Press Release: World Bank’s Climate and Governance Disaster
groundWork, Friends of the Earth, South Africa & Earthlife Africa Johannesburg
8th of April 2010
Both Earthlife Africa Jhb and groundWork, Friends of the Earth, South Africa are disappointed with the World Bank’s decision to go ahead with its loan to Eskom. By making this decision, the World Bank has shown, quite clearly, that it has no regard for the state of the world’s climate and environment, the future of South Africa, and economic principles of transparency and corruption. The World Bank is not a responsible lender.
The Medupi power station will put out about 30 million tons of CO2 per annum and, at a time when the world desperately needs to reduce global greenhouse gas emissions, the World Bank is actively funding coal. This is an assault on the livelihoods and way of life of global citizenry. Instead of using its financial resources to help developing economies leapfrog from carbon intensive development and promoting investment in clean and ultimately cheaper alternatives, such as wind and solar, the World Bank is propagating “business as usual”. This is akin to fighting a fire with petrol.
Tristen Taylor, Project Coordinator of Earthlife Africa Jhb, states, “Twenty years from now, people will look back and see this loan as a missed opportunity to change the world for the better. Eskom and the World Bank have made a monumental failure to appreciate not only the dire circumstances that humanity finds itself in but also the possibility of alternative, cleaner, and more efficient development. Today’s children will judge them harshly in the years to come.”
According to both local and international research, Southern Africa will be one of the hardest hit areas of the world as the climate warms. We will see droughts, species extinction, food shortages and spreading of diseases such as malaria. We will pay for this loan, not only in dollars, but also in the overall health and welfare of South Africa. The World Bank and its supporters do not have South Africa’s long-term interests at heart.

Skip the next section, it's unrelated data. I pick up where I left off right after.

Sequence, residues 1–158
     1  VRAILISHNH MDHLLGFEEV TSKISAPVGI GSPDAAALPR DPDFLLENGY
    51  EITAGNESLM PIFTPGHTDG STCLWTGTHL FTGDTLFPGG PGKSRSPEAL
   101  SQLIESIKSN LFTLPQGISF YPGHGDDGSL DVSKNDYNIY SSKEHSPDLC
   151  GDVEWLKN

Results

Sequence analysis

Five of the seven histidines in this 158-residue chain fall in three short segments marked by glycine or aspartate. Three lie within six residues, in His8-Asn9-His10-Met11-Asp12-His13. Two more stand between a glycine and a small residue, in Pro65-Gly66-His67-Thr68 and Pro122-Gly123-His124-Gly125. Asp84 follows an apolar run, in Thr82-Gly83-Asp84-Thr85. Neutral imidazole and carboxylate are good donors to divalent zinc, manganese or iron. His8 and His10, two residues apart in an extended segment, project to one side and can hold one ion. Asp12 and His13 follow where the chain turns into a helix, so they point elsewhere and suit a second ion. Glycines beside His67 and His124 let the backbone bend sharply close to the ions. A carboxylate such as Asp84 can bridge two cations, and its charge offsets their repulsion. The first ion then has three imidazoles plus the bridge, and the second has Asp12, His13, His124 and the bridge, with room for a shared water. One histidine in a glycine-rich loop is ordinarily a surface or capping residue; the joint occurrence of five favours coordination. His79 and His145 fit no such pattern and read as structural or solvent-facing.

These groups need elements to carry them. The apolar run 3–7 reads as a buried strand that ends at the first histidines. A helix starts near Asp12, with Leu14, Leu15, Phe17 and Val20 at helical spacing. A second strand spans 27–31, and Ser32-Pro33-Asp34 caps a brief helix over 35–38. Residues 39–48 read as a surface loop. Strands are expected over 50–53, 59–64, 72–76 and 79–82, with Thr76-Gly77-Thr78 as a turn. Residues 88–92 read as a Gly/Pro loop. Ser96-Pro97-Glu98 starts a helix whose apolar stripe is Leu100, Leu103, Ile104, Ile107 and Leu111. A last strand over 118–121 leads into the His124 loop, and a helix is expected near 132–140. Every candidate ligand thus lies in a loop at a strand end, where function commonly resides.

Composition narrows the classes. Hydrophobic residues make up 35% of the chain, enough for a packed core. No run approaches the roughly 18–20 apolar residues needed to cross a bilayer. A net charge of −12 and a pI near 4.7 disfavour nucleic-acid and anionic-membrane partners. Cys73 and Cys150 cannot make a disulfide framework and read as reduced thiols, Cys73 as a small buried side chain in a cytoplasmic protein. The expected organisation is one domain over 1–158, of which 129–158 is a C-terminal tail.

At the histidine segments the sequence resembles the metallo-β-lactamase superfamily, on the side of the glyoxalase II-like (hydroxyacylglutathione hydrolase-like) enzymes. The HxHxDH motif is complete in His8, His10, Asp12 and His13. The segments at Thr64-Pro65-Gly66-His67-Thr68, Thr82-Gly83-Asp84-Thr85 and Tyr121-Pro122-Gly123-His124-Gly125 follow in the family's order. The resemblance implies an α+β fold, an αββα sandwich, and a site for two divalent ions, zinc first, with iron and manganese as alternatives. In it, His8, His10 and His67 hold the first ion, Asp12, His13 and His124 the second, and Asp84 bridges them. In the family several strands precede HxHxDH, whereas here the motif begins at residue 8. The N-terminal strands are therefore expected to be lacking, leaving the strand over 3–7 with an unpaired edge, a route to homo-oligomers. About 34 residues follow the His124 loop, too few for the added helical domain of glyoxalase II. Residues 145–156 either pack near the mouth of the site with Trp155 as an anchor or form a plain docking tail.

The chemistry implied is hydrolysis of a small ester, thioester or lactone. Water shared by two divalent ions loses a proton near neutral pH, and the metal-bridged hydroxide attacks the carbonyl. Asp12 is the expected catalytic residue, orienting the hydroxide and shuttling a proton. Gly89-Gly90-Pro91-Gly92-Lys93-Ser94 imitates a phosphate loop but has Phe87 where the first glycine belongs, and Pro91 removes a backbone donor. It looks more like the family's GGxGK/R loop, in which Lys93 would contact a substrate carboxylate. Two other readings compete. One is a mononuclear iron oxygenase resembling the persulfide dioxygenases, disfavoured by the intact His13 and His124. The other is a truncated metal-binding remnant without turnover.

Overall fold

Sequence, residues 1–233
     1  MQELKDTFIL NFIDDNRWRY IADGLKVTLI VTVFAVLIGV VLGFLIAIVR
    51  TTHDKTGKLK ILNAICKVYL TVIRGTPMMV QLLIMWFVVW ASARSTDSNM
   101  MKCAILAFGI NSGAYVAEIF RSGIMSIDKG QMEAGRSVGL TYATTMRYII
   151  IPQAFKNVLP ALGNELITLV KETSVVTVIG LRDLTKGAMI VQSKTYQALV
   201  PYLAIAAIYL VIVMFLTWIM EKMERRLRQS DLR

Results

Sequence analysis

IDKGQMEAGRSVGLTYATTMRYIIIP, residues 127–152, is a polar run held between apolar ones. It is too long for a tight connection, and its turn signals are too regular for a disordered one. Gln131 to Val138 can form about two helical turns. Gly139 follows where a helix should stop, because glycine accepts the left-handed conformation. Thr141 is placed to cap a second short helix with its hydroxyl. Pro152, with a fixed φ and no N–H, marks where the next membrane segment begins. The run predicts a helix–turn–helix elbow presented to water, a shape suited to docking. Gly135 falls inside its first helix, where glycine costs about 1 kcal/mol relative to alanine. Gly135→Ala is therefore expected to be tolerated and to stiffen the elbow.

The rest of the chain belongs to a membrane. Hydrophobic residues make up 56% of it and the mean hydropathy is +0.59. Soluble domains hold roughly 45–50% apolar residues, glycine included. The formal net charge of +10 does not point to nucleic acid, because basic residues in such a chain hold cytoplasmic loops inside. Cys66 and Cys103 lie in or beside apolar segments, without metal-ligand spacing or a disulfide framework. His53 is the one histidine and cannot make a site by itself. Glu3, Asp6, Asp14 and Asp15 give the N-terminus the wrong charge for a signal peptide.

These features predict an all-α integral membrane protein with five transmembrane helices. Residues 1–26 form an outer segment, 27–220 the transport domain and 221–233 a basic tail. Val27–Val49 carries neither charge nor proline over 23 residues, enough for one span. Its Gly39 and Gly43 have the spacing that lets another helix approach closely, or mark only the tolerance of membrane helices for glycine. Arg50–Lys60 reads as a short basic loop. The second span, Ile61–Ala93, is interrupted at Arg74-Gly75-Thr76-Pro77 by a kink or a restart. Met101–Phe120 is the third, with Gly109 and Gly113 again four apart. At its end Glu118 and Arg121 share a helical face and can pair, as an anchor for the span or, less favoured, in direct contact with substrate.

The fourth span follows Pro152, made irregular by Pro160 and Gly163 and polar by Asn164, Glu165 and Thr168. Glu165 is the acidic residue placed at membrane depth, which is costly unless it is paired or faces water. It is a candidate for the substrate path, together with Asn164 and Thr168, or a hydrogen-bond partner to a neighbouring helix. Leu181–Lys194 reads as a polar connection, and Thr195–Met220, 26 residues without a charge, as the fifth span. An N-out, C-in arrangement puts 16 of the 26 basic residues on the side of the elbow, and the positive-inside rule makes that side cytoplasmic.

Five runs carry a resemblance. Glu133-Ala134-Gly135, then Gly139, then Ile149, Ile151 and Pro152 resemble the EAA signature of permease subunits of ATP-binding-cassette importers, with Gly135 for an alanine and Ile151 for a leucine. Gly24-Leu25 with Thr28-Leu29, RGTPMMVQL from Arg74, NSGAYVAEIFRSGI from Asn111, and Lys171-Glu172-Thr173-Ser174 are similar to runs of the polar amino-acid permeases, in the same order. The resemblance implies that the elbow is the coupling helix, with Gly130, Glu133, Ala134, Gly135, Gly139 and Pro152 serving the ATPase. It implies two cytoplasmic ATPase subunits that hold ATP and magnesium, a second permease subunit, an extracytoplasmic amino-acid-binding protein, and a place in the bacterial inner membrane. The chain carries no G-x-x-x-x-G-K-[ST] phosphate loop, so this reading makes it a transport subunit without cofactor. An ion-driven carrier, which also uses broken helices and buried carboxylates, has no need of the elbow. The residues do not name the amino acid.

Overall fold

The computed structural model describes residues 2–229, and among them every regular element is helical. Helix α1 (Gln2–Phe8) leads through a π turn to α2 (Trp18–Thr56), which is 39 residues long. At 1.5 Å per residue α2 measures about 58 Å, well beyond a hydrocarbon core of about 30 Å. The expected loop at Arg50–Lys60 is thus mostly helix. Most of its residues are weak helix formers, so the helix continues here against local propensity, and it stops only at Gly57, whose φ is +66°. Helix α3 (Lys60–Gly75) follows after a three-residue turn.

As the loan is dollar based, this means that South Africa not only has a significant repayment risk in terms of currency exchange rates (if the Rand weakens to the dollar, the size of this loan will increase) but is also now forced to earn foreign currency to pay back this loan. The result will be a further entrenching of an export-orientated economy in raw materials; an economic model that has consistently failed, for the last hundred years, to eradicate poverty in the country. Paradoxically, an export-economy based on raw minerals extraction requires cheap electricity, thus deepening Eskom’s revenue woes. Essentially, the easy path of World Bank money will come at a high cost in the decades to come.
Further, the World Bank seems to be completely unconcerned about the future water supply and air quality around Medupi. Bobby Peek, Director of groundWork, Friends of the Earth South Africa warns that, “the environmental and social cost of this development will impact on all South Africans as three major water catchments, the Limpopo, Vaal and Senque (Orange) River are all going to have their water diverted for Medupi and future power stations. Already our government has agreed that the Waterberg will exceed its air pollution carrying capacity in future. Not only is this area going to be a sacrifice zone, the entire country will, and the World Bank knows this but chooses to ignore it. They will be held accountable.”
Apart from these critical issues, the World Bank has made a complete mockery of own efforts to tackle corruption and promote good governance. The ruling party will benefit financially from the completion of Medupi (through its Chancellor House investment in Hitachi Power Africa) and hence the loan. What is the World Bank saying about open democracy and financial accountability? Nothing. Apparently not only is it okay for the World Bank to make this loan, in full knowledge of the ANC’s windfall, the World Bank thinks that it is right and proper for the people of South Africa to pay back that loan, not the ANC.
For more information, please contact:
Cell: +27 82 464 1383
Earthlife Africa Jhb
Tel: +27 11 339 3662
Fax: +27 11 339 3270
Cell: +27 84 250 2434